Where we try to eat on the cheap

On another website, someone recently wrote about a project their kid had from school; make dinner for a family of 4 for $4.

Could I do it?

Let’s see.

I need to bend the rules a bit here: I need a few days to average it out. Also, seasonings were not counted, so all my spices are considered free.

I haven’t done this math yet, so let’s see how this goes:

We were at the Farmer’s Market last weekend and something at the piggy store caught my eye. I spied some “meaty backbone chunks”…mmmmm….meaty chunks. It was only $1.19 per pound and looked rather meaty. Assessing porcine anatomy, I figured that these pieces were not going to be gristly or anything; in fact, they looked downright lovely. A low and slow approach would render them heavenly. I scored about 6 1/4 lbs of the good stuff.

Total spent: $7.42

I cooked the meat on Sunday. It got seasoned with salt and some of Ruth’s Savory Seasoning. Several hours later, I checked it and the meat was bubbling away in its own juices; practically begging me to shred it apart and allow it a longer simmer. I happily obliged.

What to serve with it???

I also had wanted to make sauce. 2 big cans of tomatoes, 1 can of tomato paste and half an onion came to probably about $4.50. Of course, I ended up freezing half the sauce, so, for this experiment; the expense was only $2.25.

We need pasta! $1.20 because in NC people don’t know how to properly discount pasta.

Throw in a head of lettuce for a salad: $1.49.

1/3 of a previously purchased and discounted loaf of garlic bread: $.33.

I ended up splitting the meat in half and packing away a large container of it. The other half got tossed into the sauce pot along with several ladles of the pork juice. The pasta was tossed in.

This fed the 3 of us on Sunday. Of course, we only ate half of the pasta, so we’d generated leftovers.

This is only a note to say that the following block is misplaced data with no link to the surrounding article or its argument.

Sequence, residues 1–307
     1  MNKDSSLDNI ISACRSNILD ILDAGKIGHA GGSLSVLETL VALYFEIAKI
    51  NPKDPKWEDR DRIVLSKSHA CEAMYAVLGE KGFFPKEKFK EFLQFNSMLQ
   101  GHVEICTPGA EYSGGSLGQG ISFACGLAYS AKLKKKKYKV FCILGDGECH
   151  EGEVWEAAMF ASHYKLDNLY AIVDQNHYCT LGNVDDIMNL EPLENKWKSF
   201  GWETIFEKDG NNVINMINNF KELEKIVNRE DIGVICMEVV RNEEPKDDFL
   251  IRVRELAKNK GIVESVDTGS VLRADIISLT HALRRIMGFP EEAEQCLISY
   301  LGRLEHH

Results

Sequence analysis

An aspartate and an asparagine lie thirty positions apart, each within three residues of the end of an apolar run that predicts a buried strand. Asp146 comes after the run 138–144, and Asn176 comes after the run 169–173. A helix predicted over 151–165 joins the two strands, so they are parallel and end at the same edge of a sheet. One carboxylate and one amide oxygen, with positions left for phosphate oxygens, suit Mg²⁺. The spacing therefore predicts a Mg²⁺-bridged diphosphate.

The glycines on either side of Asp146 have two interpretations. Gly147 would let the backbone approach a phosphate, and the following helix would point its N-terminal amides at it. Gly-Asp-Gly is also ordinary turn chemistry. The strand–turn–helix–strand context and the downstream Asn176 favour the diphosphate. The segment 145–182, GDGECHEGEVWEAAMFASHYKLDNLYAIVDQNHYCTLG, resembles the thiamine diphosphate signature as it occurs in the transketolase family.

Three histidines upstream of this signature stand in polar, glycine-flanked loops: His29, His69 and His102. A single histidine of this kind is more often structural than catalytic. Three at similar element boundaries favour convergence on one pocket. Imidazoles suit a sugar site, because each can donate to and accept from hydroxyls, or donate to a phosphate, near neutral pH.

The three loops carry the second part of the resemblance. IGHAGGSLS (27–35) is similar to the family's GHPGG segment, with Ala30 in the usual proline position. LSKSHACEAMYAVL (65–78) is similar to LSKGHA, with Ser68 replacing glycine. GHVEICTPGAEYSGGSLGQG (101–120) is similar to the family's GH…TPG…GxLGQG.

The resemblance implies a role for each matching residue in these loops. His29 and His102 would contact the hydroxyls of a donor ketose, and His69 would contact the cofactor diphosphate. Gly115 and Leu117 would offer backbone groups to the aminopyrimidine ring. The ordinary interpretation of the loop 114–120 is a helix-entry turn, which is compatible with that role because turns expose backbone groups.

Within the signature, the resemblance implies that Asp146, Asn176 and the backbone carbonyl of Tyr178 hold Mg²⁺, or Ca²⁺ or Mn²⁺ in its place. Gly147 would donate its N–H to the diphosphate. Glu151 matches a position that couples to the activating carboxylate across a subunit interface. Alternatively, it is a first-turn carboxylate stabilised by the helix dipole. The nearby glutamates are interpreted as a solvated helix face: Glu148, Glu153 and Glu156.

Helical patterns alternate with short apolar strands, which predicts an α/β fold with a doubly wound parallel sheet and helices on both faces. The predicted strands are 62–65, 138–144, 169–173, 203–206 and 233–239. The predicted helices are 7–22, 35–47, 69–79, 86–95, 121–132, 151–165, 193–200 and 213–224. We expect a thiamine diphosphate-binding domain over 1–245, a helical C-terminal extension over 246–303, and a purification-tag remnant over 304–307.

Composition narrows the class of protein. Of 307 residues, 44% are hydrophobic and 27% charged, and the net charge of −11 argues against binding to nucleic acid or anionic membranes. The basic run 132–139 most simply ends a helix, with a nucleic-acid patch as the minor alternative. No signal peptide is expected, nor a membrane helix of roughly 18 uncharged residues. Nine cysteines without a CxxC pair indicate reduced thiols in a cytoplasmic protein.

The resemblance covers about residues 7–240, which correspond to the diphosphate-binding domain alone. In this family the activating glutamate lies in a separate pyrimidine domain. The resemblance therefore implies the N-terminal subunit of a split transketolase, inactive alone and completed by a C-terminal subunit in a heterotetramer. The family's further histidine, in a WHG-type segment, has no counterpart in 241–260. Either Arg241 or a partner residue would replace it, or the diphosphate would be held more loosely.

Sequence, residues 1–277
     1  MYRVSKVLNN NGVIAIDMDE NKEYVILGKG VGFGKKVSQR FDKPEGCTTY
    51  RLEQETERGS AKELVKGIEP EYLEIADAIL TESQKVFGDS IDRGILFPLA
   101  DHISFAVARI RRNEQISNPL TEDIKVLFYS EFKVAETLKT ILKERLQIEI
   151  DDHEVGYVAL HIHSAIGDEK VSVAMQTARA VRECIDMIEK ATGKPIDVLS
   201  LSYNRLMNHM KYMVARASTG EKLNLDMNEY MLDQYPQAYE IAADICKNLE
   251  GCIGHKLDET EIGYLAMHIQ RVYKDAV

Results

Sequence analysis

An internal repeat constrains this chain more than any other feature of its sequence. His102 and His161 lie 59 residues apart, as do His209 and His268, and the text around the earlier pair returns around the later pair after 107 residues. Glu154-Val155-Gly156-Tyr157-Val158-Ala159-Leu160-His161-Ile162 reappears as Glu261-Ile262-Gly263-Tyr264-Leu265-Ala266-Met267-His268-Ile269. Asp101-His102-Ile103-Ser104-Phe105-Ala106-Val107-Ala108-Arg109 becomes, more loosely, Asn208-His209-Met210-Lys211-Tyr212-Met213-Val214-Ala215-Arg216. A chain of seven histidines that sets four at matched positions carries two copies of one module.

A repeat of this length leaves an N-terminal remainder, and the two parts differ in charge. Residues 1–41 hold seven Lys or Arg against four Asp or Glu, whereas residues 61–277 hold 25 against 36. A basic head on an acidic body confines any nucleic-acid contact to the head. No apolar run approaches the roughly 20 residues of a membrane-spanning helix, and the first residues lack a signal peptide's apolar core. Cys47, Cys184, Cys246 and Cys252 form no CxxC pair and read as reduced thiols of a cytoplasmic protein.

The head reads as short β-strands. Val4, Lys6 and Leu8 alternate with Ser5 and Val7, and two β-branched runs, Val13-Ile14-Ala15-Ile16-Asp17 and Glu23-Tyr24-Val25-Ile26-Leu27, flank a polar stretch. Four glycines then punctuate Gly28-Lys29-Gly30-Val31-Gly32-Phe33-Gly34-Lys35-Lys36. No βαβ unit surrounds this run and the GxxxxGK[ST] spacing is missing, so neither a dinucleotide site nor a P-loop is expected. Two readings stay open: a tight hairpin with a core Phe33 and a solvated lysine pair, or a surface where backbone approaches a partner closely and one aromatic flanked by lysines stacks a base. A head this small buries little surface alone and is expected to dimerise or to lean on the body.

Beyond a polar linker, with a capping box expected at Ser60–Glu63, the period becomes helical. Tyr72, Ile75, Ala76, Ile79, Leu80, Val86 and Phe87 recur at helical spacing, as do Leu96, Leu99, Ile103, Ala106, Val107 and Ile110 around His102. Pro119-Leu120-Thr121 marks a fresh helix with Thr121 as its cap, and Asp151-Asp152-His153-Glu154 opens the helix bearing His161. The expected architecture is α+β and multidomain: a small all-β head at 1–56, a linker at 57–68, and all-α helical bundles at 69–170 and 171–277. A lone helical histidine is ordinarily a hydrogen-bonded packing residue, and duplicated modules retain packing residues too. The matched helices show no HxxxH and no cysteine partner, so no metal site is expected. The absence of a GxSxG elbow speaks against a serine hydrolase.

Monday: I dove into the remaining pork.
I split half of it out of the container (lovely now-gelatinized juices and all) and plopped it into a large pan. I set it on low and just let it melt.

The remaining half of the onion got cooked with 2 cups of rice. What’s that cost? About $1.00???

I thawed out a Mexican-type green sauce that I had made the week before. It had probably cost about $6.00 to make and I thawed half. So, the dinner-related expense was $3.00.

I simmered the pork until a lot of the juices reduced out. This left me with super-concentrated pork. I put the rice and onions on a plate, spooned on a helping of pork and put the sauce on top. Viola! Dinner. The rest of the salad was served on the side.

We managed to eat nearly all of it. We left a little rice behind.

Tuesday.
We’d gone through the lettuce the night before, so we needed to buy more. $1.49 down the drain. Shmuppie ate some leftover ribs and the rice for dinner and JewelrySlut and I had the remaining pasta.

Mind you; at this point, we still have enough pork left for another dinner.

So, let’s run that math and see how I did:
Pork: $7.42
Sauce fixins: $2.25
Pasta, Lettuce, garlic bread: $3.02
Rice and onion: $1.00
Green Sauce: $3.00
More lettuce: $1.49

Total: $18.18. And…remember, we still have pork left over for tonight. I sense burritos or tacos in my future.

Math rules: Let’s count Shmuppie as half a person when it comes to food consumption. She makes up for it in her “Pain in the ass” factor so she comes out whole.

I got 7 1/2 adult servings for $18.18. And the math says: I didn’t make it. It came out to $6.06 per meal. However: I have another dinner tonight to make and am still using that 2nd head of lettuce and the remaining meat. I may not quite make it under budget, but will be damned close.

What’s my point? As usual, I don’t have one. But, when I saw the price of that pork, it got me thinking that I could probably produce food good enough to make you cry and do it very cheaply. This is a big help, especially when you consider the wine bill from this week. But, we’ve been economizing there too and the wine of choice for us is 3-buck Chuck.

The lesson learned: It doesn’t have to be expensive to be damned good.

That s all.

***Basement update on the left*** (or right)

One thought on “Where we try to eat on the cheap

  1. I get mad when people say it’s too expensive to eat good food. While a family meal for $4 might not work every time, there are ways to get pretty damn close. It just takes effort.

    (Look, I didn’t curse ONCE in this comment. I AM SO CIVILIZED.)

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